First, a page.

This attitude uproots the very sentiment of gratitude that should be the basis for spending for the cause of Allah. Furthermore, it gives rise to haughtiness, arrogance and egoism on the one hand and effaces completely the feelings of humility and modesty on the other. He instead of learning a lesson from the poverty of people takes advantage of it and establishes his ascendancy over them. He gets so lost in his exploitation that he forgets the stark reality that everything which he has at his disposal has been awarded to him by the grace of his Lord and that he himself has not fulfilled a criterion to deserve them. Anyone who wants to cure this ailment must always remember that riches have wings. The world is an uncertain round but so much is certain that we are bound to face whatever the Almighty destines for us. What if He decides and the next moment we are broke? Can any amount of rebellion stop this to happen?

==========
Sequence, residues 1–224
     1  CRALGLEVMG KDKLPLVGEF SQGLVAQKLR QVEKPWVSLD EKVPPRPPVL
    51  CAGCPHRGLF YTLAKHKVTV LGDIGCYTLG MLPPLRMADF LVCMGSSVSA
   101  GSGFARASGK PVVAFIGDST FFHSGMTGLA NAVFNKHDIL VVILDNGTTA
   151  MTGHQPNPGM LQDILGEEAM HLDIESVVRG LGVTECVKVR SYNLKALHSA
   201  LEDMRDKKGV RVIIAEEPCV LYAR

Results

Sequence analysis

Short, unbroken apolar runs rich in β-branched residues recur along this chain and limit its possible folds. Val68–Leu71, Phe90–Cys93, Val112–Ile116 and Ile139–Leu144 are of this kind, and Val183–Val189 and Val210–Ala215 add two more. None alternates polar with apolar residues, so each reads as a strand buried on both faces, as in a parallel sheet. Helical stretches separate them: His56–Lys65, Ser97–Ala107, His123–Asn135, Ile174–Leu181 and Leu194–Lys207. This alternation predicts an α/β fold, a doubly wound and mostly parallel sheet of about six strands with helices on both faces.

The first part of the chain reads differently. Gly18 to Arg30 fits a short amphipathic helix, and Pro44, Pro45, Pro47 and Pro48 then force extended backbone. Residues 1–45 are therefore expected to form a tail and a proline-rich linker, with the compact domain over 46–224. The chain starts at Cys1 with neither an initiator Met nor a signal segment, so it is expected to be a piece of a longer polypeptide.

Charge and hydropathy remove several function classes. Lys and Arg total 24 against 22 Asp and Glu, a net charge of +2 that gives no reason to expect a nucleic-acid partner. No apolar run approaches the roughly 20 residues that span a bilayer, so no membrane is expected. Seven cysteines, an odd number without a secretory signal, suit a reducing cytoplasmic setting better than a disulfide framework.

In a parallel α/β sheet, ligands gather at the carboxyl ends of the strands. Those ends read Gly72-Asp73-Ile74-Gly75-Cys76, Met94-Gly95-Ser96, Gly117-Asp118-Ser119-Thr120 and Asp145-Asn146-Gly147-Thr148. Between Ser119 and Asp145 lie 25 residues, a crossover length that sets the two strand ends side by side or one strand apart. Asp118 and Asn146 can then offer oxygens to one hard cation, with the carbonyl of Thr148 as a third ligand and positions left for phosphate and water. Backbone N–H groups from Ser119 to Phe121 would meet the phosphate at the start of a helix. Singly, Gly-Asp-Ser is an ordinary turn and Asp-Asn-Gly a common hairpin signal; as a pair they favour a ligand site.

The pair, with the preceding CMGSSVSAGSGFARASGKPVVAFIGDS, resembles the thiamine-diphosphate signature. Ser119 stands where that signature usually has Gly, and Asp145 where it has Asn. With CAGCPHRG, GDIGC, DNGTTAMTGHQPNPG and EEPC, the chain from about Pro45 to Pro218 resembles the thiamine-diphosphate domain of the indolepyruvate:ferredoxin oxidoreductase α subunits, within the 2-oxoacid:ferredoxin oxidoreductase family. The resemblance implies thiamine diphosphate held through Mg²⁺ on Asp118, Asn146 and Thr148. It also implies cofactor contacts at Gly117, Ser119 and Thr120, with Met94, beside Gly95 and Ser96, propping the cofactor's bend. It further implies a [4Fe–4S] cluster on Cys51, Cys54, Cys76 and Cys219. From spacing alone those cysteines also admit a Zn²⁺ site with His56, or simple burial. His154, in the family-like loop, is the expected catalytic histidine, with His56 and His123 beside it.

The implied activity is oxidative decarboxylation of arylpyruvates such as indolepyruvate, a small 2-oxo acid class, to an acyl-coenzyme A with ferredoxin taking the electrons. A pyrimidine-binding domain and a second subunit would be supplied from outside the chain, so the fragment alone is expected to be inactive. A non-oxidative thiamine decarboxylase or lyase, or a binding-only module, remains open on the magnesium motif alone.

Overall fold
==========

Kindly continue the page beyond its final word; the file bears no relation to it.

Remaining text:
The other thing which should bear deep roots in our soul is humility. We ought not to feel proud that we are offering something in His way. On the contrary, our heart must be brimming with the feelings of humility and modesty. We must be thankful to Him that He graciously chose us to carry out this beneficial task.

The Qur’ān sheds light on such behavior in the following words:

 لَّذِينَ يُقِيمُونَ الصَّلَاةَ وَيُؤْتُونَ الزَّكَاةَ وَهُمْ رَاكِعُونَ (٥٥:٥)

Those who establish the prayer and give Zakāh while their heads bow down with humility. (5:55)

 6. Pomposity and Showing Off